Law School Case Brief
Crankshaw v. Piedmont Driving Club, Inc - 115 Ga. App. 820, 156 S.E.2d 208 (1967)
If the damages are only the imaginary or possible result of the tortious act, or other and contingent circumstances preponderate largely in causing the injurious effect, such damages are too remote to be the basis of recovery against the wrongdoer. Ga. Code Ann. § 105-2008. Damages must flow from the legal and natural result of the act done. Ga. Code Ann. § 105-2009.
Plaintiff Elizabeth Crankshaw was injured in a slip-and-fall accident while on the premises where defendant Piedmont Driving Club, Inc. ("Piedmont") operated a restaurant. Crankshaw claimed that while she and two companions were eating at the restaurant, one companion became nauseated while eating shrimp served by Piedmont. Her companion went to the rest room, and Crankshaw followed her shortly thereafter to render aid and comfort. As Crankshaw entered the rest room, she slipped and fell on vomit on the floor that she did not see. Crankshaw broke her hip in the fall. Crankshaw filed a lawsuit against Piedmont in Georgia state court alleging that Piedmont was negligent in selling unwholesome, deleterious food and in failing to clean up the floor of the rest room or to warn Crankshaw of the condition of the floor. Piedmont filed general demurrer, which the trial court sustained. Crankshaw appealed.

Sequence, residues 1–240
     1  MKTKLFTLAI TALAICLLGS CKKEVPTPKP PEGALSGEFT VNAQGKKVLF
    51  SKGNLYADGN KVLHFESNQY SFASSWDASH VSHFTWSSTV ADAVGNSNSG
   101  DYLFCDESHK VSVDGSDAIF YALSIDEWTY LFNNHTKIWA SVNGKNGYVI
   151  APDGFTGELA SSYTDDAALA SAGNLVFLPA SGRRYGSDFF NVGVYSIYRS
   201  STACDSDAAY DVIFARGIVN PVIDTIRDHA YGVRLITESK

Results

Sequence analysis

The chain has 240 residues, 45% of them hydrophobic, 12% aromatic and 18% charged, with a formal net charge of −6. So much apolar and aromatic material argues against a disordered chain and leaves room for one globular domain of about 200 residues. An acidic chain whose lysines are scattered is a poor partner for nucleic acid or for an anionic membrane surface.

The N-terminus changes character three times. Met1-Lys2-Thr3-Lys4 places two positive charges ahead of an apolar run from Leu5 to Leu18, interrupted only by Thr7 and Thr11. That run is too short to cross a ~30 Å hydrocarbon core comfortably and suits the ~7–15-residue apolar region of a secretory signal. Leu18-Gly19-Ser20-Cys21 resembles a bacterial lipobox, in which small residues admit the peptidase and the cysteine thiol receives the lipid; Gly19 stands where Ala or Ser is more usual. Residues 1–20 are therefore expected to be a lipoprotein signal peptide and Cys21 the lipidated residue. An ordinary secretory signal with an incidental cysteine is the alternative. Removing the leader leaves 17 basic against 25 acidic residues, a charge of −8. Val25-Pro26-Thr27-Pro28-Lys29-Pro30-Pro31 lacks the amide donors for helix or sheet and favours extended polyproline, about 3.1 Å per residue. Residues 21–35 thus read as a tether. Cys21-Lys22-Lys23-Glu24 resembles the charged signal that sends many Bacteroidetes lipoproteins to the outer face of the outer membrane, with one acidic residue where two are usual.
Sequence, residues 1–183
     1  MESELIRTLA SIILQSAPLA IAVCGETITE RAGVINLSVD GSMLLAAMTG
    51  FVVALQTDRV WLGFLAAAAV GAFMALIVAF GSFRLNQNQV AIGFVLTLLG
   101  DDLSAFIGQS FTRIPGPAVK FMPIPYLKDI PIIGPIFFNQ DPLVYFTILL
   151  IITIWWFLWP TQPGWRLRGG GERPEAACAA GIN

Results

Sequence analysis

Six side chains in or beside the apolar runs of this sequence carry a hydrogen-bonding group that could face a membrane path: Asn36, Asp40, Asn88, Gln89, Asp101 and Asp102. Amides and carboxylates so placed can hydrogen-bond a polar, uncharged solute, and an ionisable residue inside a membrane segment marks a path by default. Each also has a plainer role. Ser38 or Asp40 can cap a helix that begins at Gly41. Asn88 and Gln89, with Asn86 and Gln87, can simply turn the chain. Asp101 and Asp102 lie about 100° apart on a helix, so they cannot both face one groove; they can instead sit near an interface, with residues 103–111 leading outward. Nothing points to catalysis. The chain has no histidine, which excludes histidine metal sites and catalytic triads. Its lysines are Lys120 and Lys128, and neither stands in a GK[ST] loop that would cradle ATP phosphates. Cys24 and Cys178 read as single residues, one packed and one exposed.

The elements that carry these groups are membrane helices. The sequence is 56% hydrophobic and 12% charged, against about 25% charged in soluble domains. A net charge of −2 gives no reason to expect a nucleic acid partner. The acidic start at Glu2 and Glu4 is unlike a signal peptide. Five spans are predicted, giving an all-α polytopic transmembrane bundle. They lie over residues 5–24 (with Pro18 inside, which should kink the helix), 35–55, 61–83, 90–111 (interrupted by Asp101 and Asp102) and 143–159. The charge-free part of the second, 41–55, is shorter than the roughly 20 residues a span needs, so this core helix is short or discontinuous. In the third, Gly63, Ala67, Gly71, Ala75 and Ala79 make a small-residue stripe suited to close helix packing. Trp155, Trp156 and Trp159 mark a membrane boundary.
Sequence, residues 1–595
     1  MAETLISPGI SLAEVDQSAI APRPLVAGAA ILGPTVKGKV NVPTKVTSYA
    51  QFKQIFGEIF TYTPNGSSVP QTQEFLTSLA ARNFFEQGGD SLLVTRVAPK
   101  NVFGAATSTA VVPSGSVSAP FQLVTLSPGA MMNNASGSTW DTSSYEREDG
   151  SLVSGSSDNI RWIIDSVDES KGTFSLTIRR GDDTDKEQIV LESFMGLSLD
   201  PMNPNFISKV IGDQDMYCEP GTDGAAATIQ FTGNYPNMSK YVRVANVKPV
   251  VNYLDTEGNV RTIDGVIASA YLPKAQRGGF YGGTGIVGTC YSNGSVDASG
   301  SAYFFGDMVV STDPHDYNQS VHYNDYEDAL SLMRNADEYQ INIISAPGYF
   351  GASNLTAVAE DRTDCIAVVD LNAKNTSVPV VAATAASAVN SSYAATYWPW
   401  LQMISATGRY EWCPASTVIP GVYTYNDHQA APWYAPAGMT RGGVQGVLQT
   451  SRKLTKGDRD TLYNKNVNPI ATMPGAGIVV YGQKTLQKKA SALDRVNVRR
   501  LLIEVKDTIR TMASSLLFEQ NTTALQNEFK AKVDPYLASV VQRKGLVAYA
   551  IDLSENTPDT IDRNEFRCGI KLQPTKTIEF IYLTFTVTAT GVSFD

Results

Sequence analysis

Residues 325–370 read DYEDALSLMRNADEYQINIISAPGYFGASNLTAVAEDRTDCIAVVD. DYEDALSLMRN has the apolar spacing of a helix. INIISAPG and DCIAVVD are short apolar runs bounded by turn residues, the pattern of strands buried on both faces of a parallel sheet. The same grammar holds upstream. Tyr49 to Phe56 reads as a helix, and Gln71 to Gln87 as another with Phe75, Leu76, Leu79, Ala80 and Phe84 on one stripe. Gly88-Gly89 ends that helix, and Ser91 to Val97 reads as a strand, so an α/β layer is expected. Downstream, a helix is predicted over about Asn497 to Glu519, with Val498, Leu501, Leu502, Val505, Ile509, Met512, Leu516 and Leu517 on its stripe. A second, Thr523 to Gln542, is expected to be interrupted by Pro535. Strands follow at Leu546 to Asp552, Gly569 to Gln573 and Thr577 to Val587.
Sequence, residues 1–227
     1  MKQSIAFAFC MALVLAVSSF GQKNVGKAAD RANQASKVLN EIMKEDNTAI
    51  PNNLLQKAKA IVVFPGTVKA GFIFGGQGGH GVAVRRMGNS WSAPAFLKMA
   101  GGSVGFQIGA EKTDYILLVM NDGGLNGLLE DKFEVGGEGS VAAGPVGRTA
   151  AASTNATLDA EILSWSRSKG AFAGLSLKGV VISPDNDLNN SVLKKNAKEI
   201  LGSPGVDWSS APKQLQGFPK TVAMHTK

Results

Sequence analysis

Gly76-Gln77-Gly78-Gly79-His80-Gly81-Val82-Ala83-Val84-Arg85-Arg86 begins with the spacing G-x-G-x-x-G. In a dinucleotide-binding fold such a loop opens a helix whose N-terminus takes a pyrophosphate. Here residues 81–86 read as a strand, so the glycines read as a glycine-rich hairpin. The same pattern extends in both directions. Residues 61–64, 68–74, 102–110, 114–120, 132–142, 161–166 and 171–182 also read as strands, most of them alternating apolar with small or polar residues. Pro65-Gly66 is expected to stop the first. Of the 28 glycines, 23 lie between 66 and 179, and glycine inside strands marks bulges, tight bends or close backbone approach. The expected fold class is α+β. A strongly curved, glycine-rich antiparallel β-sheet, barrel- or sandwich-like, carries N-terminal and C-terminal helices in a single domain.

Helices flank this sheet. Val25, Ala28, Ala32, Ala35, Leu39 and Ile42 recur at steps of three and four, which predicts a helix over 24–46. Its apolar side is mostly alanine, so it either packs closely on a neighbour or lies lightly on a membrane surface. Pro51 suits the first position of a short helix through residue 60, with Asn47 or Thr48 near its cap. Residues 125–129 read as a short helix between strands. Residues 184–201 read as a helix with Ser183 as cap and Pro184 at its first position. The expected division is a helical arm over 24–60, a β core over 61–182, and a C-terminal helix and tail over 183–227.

Could Crankshaw recover damages based on the allegations that she broke her hip because Piedmont was negligent in selling deleterious food?
The court of appeals affirmed the trial court's dismissal of the action. The court observed that Crankshaw, in her appellate brief, properly abandoned the allegation of negligence due to Piedmont's failure to clean the floor because, under the facts alleged, it had no notice, actual or constructive, of the vomit's presence on the floor prior to the fall. The court also noted that damages resulting from a tort must flow from the legal and natural result of the act done. The court then held that the serving of unwholesome food, whether or not negligent, was too remote to be the proximate cause of Crankshaw's injury.
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